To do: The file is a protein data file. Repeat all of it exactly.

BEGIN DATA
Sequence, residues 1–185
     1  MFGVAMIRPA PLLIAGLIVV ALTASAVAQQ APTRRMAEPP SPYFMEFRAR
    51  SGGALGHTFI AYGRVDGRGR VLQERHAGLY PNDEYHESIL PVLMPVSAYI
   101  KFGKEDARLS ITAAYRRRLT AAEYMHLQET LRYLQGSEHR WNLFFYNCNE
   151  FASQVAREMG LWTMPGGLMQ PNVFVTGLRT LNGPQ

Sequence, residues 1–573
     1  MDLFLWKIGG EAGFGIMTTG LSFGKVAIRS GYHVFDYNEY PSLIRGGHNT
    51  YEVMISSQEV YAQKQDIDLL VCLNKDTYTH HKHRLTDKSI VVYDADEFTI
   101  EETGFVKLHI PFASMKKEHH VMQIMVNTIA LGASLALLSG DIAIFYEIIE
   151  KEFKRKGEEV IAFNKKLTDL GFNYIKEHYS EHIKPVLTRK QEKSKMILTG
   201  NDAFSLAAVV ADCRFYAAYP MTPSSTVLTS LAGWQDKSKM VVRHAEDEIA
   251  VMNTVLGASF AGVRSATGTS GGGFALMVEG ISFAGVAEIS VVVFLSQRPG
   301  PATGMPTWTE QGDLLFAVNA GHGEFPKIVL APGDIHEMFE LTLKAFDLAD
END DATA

Sequence, residues 1–185
     1  MFGVAMIRPA PLLIAGLIVV ALTASAVAQQ APTRRMAEPP SPYFMEFRAR
    51  SGGALGHTFI AYGRVDGRGR VLQERHAGLY PNDEYHESIL PVLMPVSAYI
   101  KFGKEDARLS ITAAYRRRLT AAEYMHLQET LRYLQGSEHR WNLFFYNCNE
   151  FASQVAREMG LWTMPGGLMQ PNVFVTGLRT LNGPQ

Sequence, residues 1–573
     1  MDLFLWKIGG EAGFGIMTTG LSFGKVAIRS GYHVFDYNEY PSLIRGGHNT
    51  YEVMISSQEV YAQKQDIDLL VCLNKDTYTH HKHRLTDKSI VVYDADEFTI
   101  EETGFVKLHI PFASMKKEHH VMQIMVNTIA LGASLALLSG DIAIFYEIIE
   151  KEFKRKGEEV IAFNKKLTDL GFNYIKEHYS EHIKPVLTRK QEKSKMILTG
   201  NDAFSLAAVV ADCRFYAAYP MTPSSTVLTS LAGWQDKSKM VVRHAEDEIA
   251  VMNTVLGASF AGVRSATGTS GGGFALMVEG ISFAGVAEIS VVVFLSQRPG
   301  PATGMPTWTE QGDLLFAVNA GHGEFPKIVL APGDIHEMFE LTLKAFDLAD